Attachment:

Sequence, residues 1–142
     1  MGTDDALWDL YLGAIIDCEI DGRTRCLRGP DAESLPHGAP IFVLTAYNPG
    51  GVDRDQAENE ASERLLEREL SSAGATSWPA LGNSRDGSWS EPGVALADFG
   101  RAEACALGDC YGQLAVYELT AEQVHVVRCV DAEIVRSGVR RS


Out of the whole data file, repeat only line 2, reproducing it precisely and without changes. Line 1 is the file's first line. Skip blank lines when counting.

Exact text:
     1  MGTDDALWDL YLGAIIDCEI DGRTRCLRGP DAESLPHGAP IFVLTAYNPG